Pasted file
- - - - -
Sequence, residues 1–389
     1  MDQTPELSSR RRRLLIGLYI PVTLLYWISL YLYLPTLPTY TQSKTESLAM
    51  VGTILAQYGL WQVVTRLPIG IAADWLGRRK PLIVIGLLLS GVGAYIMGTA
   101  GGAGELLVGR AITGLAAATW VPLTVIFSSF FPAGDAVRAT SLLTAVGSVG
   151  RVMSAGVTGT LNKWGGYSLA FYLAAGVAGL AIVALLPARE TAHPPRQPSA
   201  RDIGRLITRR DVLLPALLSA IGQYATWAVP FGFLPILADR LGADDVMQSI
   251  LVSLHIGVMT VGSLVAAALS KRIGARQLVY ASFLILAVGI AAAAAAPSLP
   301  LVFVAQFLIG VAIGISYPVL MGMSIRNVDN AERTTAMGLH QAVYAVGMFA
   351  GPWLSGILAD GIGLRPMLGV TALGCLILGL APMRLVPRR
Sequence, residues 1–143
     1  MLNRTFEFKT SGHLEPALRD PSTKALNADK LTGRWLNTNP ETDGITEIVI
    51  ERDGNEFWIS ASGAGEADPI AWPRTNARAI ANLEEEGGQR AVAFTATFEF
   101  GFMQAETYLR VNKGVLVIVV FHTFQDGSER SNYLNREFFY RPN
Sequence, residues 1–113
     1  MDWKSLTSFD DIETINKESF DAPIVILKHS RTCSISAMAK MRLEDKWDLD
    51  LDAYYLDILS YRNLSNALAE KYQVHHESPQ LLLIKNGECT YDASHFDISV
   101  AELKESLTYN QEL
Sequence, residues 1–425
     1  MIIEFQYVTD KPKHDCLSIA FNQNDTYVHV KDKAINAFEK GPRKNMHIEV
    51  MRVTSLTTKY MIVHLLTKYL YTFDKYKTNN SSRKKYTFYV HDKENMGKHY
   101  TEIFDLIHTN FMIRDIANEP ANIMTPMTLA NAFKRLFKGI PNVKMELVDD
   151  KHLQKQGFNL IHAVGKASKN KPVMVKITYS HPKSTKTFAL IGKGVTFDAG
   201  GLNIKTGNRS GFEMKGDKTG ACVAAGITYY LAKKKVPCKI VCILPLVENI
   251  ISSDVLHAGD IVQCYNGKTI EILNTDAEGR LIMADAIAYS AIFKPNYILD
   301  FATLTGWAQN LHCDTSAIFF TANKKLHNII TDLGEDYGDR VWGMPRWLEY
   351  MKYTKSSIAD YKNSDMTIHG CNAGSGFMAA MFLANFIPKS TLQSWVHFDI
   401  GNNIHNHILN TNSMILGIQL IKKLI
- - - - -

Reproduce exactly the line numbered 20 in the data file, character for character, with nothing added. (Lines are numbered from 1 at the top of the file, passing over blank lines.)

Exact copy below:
    51  MRVTSLTTKY MIVHLLTKYL YTFDKYKTNN SSRKKYTFYV HDKENMGKHY